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Sigma 10-20mm F4-5.6 EX DC HSM Lens Review (for Nikon)

Sigma 10-20mm f/4-5.6 DC HSM Lens  


 

March, 2011 (Updated 12/22/11)
(tested with Nikon D80 and D90)

The Sigma 10-20mm F4-5.6 EX DC HSM was first announced in February, 2005. It's designed specifically for DSLRs with APS-C sensors (DX, etc). At the time it was the widest angle lens available for DX cameras (the Sigma 8-16mm has since been released). On a smaller cropped sensor it has the equivalent range of 15-30mm.

The build quality of the lens is excellent (see more below). It's an EX lens so it has a superior build and optical quality over Sigma's standard lenses. I wouldn't say it's pro quality, but better than a general consumer lens. It feels solid. The zoom and focus rings are rubber coated and turn smoothly. There's no AF/MF switch on the lens, but adjusting the focus ring provides full time manual focus even when in AF mode (for Nikon - Canon and Sigma mounts have an AF/M switch). The end of the lens extends slightly when zooming and does not rotate, allowing the use of filters. The lens also features a distance scale and a metal mount. Auto focus is fast thanks to the Hyper-Sonic motor. (For all of Sigma's letter designations see here).

Center sharpness throughout the zoom range is excellent, even wide open. At 10mm and f/4 the borders were good, with the corners being a little less sharp. Stopped down to f/5.6 and the corners were very good. Overall I found the corners to be somewhat soft wide open until 14mm, where they were very good. At 20mm the lens performed very well border to border. The sharpest images were in the 10-14mm range at f/8. Chromatic aberration was at it's worst at 10mm, more so in the corners, less at the borders and center. But it really wasn't bad at all. Vignetting was a bit of a problem throughout the zoom range when the lens was used wide open. Stopping down, even to f/8, it was slightly visible. Overall though I found it to be acceptable.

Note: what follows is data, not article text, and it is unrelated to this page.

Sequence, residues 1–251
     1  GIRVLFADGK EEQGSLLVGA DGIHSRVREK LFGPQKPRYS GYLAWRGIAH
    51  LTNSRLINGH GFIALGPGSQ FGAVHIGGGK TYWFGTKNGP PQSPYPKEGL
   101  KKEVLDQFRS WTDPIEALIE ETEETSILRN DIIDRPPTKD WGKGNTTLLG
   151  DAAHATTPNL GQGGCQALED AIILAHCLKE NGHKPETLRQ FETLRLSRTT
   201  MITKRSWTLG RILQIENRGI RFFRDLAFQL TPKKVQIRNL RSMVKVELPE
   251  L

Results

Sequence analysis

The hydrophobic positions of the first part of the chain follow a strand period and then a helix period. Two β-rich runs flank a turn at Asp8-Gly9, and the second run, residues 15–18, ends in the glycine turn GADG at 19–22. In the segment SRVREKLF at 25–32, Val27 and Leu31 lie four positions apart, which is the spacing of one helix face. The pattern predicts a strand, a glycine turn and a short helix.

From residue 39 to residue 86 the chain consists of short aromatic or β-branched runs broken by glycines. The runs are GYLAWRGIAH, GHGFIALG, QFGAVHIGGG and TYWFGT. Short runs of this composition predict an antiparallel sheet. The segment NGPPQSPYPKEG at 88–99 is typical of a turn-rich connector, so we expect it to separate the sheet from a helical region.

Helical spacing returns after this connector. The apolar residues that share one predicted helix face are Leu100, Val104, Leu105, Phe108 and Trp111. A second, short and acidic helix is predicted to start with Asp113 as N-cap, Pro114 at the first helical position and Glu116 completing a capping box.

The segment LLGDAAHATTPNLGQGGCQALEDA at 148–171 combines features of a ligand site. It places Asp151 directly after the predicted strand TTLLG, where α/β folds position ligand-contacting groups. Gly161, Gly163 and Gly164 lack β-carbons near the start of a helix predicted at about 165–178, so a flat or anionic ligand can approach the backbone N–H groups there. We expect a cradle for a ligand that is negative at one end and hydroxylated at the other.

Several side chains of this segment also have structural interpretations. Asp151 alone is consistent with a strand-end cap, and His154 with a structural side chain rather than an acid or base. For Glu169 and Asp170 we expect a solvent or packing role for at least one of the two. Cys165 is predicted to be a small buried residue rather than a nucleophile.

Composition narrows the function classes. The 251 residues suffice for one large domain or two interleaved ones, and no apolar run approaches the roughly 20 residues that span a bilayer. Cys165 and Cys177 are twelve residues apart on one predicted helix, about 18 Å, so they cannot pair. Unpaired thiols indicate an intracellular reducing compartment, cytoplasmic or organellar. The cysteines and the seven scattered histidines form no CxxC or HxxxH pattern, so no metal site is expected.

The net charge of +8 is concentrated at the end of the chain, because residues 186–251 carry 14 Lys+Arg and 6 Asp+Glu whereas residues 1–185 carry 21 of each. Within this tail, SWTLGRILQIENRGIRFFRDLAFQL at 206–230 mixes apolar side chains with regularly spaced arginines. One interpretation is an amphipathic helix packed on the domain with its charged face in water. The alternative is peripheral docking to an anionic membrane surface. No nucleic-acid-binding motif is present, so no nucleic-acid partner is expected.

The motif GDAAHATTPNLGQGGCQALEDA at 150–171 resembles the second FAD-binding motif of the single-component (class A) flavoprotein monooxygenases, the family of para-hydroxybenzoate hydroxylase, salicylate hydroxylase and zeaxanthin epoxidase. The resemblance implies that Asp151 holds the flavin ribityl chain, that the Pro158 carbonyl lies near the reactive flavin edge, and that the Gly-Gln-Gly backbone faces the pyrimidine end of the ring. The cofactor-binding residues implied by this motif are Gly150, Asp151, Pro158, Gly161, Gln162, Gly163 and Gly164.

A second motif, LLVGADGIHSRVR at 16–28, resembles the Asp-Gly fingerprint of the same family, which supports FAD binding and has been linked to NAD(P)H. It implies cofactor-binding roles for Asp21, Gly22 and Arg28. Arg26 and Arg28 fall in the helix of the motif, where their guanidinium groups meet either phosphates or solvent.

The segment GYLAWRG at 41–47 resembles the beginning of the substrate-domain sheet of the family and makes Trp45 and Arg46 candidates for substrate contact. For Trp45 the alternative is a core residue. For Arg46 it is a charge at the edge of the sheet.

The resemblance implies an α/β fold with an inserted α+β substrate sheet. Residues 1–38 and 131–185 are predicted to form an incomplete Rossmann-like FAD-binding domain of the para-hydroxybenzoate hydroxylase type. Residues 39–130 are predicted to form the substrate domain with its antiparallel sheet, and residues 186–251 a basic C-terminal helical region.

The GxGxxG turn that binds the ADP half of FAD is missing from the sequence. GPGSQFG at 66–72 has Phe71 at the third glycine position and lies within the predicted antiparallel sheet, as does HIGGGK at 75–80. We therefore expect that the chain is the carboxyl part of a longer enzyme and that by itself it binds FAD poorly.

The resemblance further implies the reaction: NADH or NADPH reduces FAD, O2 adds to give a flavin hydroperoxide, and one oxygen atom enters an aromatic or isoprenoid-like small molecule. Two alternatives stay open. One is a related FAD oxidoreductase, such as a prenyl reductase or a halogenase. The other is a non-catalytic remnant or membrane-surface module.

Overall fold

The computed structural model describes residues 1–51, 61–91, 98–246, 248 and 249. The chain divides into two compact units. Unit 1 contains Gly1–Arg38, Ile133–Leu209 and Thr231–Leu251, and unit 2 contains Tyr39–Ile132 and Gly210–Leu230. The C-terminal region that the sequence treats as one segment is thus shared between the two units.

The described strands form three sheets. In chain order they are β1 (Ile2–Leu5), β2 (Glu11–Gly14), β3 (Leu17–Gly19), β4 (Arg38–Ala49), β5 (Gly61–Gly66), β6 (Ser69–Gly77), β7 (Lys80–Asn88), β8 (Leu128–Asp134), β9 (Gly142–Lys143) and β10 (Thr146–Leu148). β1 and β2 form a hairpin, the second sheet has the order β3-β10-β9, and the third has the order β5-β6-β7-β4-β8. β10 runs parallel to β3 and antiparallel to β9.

Barrel distortion at the wide end was a little high. It was also a little unusual as it was more pronounced towards the corners, making it very difficult to correct in post processing. There was some pincushion distortion at 14mm and very slight distortion at 20mm. Flare was very well controlled and only really a problem when the lens was pointed into the sun.

I've had the Sigma 10-20mm f4-5.6 for over four years now. It still works flawlessly and the exterior looks almost new. I'd recommend it to anyone looking for a wide angle lens with one exception. Because of the unusual distortions anyone who primarily shoots architecture would probably be better served with a different lens. I've read a few other reviews questioning the build quality of the lens, but my copy has held up just fine. I bought mine for landscape use and extreme closeups. The perspective distortion created at 10mm of objects shot at close range creates an almost 3D appearance. The 10mm wide end was the selling point for me. I recently tried the much touted Tokina 12-24mm lens (see review here). I decided to stick with the Sigma because of the extra 2mm on the wide end (actually 3mm with the DX sensor crop). Update: I eventually switched from the 10-20mm to the Tokina 11-16mm f/2.8. I then compared the 11-16mm head to head with the Tokina 12-24mm f/4. I ended up going with the 12-24mm. I preferred the extra range. I know it contradicts what I said about liking the Sigma for the 10mm wide end, but the bottom line is all three of these are fine wide angle lenses.

I'm eager to try Sigma's 8-16mm lens. I'm curious to see how much of a difference there is between 8mm vs. 10mm. It's on my short list of lenses to try. In March of 2009 Sigma introduced another 10-20mm lens, this one having a fixed f/3.5 aperture. Other than the fixed aperture it doesn't really offer anything over the f/4-5.6 version. It costs more, is larger and heavier, and most of the reviews I've read indicate it has inferior optics compared to its predecessor.

 

Specifications:

Focal length 10-20mm
Maximum aperture f/4-5.6
Minimum aperture f/22-32
Lens Construction 14 elements in 10 groups
Angle of view  109o - 60o
Closest focusing distance 0.24m
Maximum reproduction ratio 0.15x
Number of diaphragm blades
Auto focus type HSM (Hyper-Sonic Motor)
Filter diameter 77 mm
Macro No
Dimensions 83 mm (3.3 in) x 81 mm (3.2 in)(Diameter x Length)
Weight 470g (16.6 oz)



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